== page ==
Over the last month I’ve attended no less that two conventions. Typically I’ve done an after action report of some sort, but for each of the conventions I didn’t feel like I had a whole lot to report. For both conventions I only showed up Saturday, bagged earlier than planned, and then didn’t return Sunday. (Each time for different reasons.) So I figured I could at least talk a bit about the two conventions combined.
RustyCon XXX (meant to indicate “30” and not “Porn”), is a relatively small local fan convention. Their web site indicates that they have about 500-700 attendees, versus the 3,000+ that the larger and more well known Norwescon draws. I’d started going a few years ago when I was wanting to meet other fellow writers and so I signed up for a bunch of local conventions. I made a few friends through this con and ended up listed as a “pro” so I got invited to sit on panels.
This year, I didn’t see as many familiar faces and felt more anti-social than usual. The panels offered didn’t really grab me. I’m not big into crafting or fan culture, so my main interest is usually in writing-related panels. Since RustyCon doesn’t attract the same volume of pro writers as other conventions, there just wasn’t as much for me to sit in on.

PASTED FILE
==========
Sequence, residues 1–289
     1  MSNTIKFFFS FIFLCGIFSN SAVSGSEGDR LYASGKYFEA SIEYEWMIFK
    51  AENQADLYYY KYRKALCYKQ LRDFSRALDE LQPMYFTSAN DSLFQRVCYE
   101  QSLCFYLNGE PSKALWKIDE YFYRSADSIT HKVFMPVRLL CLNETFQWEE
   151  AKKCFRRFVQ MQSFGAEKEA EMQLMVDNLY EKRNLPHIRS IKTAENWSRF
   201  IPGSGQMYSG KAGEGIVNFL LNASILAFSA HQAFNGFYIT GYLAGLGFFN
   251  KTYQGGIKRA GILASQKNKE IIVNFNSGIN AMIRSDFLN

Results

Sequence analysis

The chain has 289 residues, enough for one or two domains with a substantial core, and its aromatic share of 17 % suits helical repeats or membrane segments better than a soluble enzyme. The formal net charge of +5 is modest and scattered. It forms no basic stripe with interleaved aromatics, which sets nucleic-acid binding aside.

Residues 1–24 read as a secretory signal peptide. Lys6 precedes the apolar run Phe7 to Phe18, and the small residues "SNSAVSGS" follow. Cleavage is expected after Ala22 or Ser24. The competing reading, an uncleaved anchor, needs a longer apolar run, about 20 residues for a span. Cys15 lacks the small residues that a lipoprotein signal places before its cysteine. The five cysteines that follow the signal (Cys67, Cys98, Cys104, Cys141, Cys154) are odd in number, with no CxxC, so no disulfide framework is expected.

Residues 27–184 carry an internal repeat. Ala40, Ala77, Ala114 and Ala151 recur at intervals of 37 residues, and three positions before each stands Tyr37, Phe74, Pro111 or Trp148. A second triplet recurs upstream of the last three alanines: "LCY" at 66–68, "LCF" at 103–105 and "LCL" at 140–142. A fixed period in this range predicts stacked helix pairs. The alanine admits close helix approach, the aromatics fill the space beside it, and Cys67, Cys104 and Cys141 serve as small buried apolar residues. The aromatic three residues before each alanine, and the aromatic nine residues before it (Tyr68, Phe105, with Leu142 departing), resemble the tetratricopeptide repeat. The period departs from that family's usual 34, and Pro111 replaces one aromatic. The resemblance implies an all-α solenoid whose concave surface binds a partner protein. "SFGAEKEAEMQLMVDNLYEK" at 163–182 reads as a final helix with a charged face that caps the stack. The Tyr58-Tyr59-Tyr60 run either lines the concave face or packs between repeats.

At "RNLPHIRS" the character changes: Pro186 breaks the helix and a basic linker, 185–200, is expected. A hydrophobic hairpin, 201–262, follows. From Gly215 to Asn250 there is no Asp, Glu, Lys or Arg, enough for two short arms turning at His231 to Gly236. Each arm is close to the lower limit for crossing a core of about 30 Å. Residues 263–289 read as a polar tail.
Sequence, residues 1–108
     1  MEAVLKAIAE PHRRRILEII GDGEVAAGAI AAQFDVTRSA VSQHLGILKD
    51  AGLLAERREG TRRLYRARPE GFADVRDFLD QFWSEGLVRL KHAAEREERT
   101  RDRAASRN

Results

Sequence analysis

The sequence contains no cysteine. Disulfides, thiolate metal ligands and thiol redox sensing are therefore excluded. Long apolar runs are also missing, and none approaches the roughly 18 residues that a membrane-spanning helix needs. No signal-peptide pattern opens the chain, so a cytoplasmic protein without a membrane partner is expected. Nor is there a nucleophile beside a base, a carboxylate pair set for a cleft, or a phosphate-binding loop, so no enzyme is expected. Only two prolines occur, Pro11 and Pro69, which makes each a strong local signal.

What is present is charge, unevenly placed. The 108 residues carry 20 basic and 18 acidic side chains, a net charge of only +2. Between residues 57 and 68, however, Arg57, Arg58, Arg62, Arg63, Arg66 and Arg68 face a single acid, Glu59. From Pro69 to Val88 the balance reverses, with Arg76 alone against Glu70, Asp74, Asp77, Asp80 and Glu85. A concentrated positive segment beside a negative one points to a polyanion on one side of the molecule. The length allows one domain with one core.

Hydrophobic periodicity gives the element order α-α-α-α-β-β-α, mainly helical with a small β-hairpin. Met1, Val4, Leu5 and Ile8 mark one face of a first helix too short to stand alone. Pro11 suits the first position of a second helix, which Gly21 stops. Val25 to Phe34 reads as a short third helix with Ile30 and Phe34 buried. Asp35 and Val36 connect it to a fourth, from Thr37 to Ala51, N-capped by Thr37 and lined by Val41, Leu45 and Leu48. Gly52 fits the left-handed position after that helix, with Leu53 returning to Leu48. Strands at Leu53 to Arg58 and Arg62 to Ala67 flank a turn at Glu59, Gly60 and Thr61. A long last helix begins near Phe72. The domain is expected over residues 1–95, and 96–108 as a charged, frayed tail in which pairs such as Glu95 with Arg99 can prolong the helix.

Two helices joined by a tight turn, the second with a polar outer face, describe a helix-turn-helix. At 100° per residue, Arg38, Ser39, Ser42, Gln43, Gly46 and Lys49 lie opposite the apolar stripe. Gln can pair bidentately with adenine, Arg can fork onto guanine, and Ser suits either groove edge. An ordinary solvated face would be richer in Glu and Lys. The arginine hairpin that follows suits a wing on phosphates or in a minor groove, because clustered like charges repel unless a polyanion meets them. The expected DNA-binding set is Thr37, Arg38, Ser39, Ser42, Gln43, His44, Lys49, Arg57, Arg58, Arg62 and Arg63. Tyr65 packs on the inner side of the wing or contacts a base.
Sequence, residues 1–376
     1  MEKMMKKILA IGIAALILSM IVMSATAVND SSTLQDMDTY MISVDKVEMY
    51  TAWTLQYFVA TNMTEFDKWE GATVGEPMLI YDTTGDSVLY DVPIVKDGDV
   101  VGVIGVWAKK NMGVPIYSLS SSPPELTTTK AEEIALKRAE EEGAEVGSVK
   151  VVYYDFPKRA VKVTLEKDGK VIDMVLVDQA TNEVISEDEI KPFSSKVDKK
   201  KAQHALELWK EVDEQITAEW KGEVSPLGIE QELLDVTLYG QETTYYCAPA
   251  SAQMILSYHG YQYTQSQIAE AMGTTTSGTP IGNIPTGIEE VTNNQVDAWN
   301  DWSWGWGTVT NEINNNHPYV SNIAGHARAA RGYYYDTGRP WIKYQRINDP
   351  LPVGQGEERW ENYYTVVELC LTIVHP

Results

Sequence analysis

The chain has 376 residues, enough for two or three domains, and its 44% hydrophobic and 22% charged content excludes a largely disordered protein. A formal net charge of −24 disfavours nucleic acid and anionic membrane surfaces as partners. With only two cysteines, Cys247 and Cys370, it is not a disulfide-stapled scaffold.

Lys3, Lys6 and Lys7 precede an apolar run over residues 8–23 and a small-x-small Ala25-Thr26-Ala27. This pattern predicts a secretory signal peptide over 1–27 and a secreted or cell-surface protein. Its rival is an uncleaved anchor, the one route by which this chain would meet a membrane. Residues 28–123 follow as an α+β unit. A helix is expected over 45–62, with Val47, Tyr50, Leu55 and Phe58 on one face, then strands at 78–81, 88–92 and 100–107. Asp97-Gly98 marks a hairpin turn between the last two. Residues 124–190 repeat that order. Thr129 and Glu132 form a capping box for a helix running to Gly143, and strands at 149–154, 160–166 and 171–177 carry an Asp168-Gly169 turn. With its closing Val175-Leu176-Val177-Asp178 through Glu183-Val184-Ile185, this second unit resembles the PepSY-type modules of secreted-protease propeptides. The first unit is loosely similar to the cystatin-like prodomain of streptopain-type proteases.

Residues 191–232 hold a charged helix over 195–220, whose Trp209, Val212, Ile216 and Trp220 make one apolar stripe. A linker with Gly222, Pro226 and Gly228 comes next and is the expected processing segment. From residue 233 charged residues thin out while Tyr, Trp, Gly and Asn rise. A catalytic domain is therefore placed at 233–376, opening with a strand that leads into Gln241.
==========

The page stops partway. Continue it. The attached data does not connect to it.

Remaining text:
I was scheduled onto two panels. I’d offered to do a reading, since I’m stumping hard for Kensei, but didn’t get picked up for that. Instead the first panel I was on was about multi-media tie-ins for YA books (referencing in particular Infinity Ring and The 39 Clues). I was a little uncertain what I could contribute to it, but wanted to put in a good showing so I stuck it out. As it turns out, no one showed up for the panel. The other panelist was running late, so I ran into him as I was leaving the room after 15 minutes of solitude.
The second panel was just a general panel of young adult authors talking about writing young adult books. This was my first time being assigned the role of moderator, so I found myself trying to focus on the other two panelists and not try to make it all about me. The other panelists were Mike Birch, who is still working on his first book, and Janice Clark. Starting out it was pretty nerve-wracking, since I hadn’t prepared as much as planned and the only person in the room when we started was Janice’s brother. But people did trickle in and I think it generally went well.
I stuck around for a couple panels after that, but ended up leaving just out of exhaustion. There wasn’t much on the schedule for the following day, so I just stayed at home instead.
The other convention I went to was the combined Potlatch/Foolscap. Foolscap has traditionally been in the fall, but because of conflicts with other conventions at that time they moved the convention to February. Rather than wait a year and a half, they opted to hold the convention the very next February. Potlatch is a convention that has some loose connection to Clarion West that I don’t entirely understand. My understanding is that they had some difficulties the last couple years and, to keep the convention alive, combined forces with Foolscap. The other thing with Potlatch is that they don’t have a guest of honor. Instead they have a book of honor which (in theory) everyone reads and the panels mostly revolve around that.